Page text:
New Zealand has "a lot to be proud of" regarding the Government's impressive COVID-19 response, according to a leadership scholar, and the approach can be effectively deployed by other nations struggling to control their outbreaks.
From January to March, senior Massey University lecturer Suze Wilson undertook a detailed examination of the Jacinda Ardern-led Government's leadership approach to the COVID-19 pandemic, the disease caused by the novel SARS-CoV-2 coronavirus strain.
The study identified a set of key leadership practices guiding the Government's successful response to the virus, an approach the research suggests is "transferable" and holds global relevance.
The research suggests that the findings, formulated into a 'pandemic leadership model' by Dr Wilson, could be adopted by any leader grappling to control an outbreak of the virus.
Her analysis found the Government was guided by a core aim of minimising harm to New Zealanders' lives and livelihoods, which helped navigate the country through its COVID-19 outbreak with minimal casualties compared to most other nations.
"There is a lot I think we have to be proud of and frankly relieved that the Government took the approach it [did], especially when we start comparing what is happening in other countries," she told Newshub.
The aim provided a strong foundation for effective leadership amid the health crisis, while identifying and following a clear trajectory helped unite Kiwis with a shared purpose.
The leadership model developed by Dr Wilson comprises three key components: being led by expertise, mobilising collective effort and enabling coping.
Being led by expertise
As New Zealand's response was largely informed by leading health specialists, Dr Wilson says governments must accept they aren't experts on the subject matter and be willing to seek and listen to advice. Scientific fact and evidence can then be used to guide their decision-making, a critical aspect to effective pandemic leadership.
According to the study, "the consequences of ignoring or being slow to act on such advice are now evident in countries who have been unable to contain the spread of the virus".
"It involves leaders putting their own egos aside to listen to other experts, knowing they don't necessarily know everything that they would need to make wise decisions," Dr Wilson told Newshub.
Mobilising collective effort
Mobilising collective effort involves informing, educating and uniting people to adopt the actions needed - and explaining why these actions are important.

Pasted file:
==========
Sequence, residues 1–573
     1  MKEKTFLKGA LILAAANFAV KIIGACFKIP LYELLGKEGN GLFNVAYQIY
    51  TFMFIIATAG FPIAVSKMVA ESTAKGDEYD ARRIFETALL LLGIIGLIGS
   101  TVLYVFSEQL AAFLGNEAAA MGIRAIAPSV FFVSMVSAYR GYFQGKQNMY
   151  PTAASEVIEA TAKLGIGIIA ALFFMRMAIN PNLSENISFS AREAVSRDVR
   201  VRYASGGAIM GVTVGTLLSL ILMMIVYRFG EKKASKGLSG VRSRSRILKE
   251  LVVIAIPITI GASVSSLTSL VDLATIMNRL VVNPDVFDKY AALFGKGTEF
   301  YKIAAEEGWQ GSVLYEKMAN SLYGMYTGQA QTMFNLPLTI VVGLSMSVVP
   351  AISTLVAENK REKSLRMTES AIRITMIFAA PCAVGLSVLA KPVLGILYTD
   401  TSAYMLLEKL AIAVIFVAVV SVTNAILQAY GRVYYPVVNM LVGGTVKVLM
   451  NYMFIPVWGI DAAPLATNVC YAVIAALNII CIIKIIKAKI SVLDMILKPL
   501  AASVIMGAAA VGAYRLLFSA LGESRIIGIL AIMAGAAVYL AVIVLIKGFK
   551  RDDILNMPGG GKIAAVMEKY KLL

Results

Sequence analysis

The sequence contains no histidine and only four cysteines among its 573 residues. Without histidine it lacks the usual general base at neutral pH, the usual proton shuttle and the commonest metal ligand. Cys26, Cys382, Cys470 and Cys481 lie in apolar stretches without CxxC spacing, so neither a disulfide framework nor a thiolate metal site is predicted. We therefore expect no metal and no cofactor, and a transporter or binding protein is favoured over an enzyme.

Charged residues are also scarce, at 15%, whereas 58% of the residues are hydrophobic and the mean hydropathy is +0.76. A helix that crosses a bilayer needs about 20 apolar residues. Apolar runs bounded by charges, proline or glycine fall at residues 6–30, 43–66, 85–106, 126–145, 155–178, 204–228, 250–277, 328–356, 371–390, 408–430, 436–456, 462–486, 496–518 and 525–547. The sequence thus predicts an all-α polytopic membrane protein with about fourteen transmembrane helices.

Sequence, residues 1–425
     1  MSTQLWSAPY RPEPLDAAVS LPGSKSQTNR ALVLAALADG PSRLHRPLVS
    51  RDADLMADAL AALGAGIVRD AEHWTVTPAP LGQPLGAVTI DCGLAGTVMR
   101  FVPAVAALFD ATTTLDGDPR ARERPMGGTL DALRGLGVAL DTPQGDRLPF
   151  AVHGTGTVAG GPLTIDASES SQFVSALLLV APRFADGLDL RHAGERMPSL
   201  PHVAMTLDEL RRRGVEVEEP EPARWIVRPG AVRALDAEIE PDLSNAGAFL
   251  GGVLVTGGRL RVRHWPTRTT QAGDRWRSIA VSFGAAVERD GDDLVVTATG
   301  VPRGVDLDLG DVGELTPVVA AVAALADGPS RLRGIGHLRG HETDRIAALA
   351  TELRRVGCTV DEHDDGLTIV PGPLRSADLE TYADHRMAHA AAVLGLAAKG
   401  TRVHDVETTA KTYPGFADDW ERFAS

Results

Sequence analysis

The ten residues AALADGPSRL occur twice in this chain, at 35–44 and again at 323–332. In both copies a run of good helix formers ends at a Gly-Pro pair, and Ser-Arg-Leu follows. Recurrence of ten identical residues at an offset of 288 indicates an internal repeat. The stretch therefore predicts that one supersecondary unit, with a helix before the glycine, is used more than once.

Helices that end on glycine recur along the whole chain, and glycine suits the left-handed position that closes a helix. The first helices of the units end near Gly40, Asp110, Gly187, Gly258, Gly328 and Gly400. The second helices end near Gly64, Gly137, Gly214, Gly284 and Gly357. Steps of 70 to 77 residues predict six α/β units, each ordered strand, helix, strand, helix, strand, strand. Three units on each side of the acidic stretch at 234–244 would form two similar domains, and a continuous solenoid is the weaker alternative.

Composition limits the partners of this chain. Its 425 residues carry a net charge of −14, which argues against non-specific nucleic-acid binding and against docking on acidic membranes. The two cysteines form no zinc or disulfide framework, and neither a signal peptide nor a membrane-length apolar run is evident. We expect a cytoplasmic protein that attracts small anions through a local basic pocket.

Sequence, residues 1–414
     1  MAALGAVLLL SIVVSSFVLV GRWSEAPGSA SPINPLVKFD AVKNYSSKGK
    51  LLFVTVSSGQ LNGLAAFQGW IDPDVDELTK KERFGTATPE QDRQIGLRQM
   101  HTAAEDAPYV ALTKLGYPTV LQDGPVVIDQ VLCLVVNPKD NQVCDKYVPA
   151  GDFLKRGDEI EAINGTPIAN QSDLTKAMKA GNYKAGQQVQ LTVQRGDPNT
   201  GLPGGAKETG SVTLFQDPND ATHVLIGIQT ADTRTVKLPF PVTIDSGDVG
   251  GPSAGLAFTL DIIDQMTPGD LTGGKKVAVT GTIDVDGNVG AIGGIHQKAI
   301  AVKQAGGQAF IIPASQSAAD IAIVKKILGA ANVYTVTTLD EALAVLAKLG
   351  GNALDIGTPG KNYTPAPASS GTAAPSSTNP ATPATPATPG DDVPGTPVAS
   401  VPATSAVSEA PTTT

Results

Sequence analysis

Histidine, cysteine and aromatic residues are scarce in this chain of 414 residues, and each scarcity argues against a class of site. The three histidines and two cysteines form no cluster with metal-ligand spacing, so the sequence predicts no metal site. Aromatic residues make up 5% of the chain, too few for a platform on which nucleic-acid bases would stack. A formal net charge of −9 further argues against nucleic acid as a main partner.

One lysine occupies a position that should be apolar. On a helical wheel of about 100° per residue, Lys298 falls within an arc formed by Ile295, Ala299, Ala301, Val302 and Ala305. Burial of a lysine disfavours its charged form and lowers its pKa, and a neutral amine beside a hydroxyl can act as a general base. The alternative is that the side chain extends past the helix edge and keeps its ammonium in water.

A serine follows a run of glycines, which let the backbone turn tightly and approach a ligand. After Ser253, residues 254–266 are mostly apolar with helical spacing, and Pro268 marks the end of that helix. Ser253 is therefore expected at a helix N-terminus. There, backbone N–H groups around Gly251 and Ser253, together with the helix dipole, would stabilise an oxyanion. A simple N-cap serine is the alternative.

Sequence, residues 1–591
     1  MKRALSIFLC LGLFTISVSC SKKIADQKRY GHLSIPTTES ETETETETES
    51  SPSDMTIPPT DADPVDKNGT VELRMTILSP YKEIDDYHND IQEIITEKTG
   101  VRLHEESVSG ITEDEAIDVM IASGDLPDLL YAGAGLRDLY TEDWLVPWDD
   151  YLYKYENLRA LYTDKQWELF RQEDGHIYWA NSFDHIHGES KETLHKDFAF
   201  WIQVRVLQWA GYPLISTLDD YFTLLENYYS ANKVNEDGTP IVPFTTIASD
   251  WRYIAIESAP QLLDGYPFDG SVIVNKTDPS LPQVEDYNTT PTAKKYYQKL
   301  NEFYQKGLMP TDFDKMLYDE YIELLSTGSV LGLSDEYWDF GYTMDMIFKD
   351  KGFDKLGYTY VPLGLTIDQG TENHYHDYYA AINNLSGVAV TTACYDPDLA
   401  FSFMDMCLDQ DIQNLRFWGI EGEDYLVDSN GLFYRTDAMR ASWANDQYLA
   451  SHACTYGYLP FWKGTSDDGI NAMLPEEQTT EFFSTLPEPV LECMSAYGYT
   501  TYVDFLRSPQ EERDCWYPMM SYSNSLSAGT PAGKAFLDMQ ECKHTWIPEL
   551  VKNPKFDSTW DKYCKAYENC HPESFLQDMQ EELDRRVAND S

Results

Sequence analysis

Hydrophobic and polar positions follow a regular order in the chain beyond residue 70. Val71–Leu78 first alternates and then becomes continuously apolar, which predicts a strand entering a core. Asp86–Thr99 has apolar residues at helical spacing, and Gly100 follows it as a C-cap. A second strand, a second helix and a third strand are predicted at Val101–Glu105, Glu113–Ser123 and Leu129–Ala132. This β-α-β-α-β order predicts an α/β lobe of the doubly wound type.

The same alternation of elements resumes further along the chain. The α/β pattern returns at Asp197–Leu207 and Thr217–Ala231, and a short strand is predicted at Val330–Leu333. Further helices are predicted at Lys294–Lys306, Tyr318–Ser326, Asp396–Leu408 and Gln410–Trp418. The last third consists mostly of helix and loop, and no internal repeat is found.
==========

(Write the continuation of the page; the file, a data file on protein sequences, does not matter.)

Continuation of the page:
Leaders should convey empathy for the disruption the actions - such as social distancing - will have on people's lives. Avoiding defensiveness when being questioned and soliciting feedback are also paramount to enabling collective effort, as it helps demonstrate genuine concern and authenticity.
For example, a strong emphasis on public health messages such as good hand hygiene and social distancing have been reinforced many times in Government advertising, and in the near-daily Ministry of Health press conferences. Held predominantly by Director-General of Health Dr Ashley Bloomfield, the media briefings - which were also streamed live for the public - provided the latest updates on New Zealand's COVID-19 outbreak and response. Questions by reporters were always welcomed at the end to ensure leaders were being held to account.
"Having credible and timely information creates the foundation for the kind of shared understanding of the nature of the problems, and what needs to be done about them, that is needed if mobilisation of collective effort is to occur - and helps build trust," says the study.
Enabling coping involves leaders taking actions that will help people to plan ahead, build knowledge and skills to survive the pandemic and make sense of an uncertain, turbulent time. Fostering kindness and creative responses to the disruption are also important, such as encouraging and modelling new ways to carry on with life during a 'new normal'.
For example, the alert level framework provided a clear outline of what New Zealanders could expect under each stage of the response, Dr Wilson said. Aided by the Ministry of Health's daily press conferences and Ardern's frequent briefings, the public were informed of what was coming and how best to prepare for the changes.
"While subject to ongoing elaboration about what activities are permitted at each level, it has nonetheless been a critical tool that helps in preparing for what movement up or down the alert levels means in practical terms," says the study.
"All these actions enable planning - and also serve to build trust through providing transparency about Government decision-making."
The three practices will not only help leaders take suitable steps to address the pandemic, but will build the people's trust in their commitment and competence to act in their best interests, the study suggests.
The findings were recently published in the UK-based academic journal, Leadership.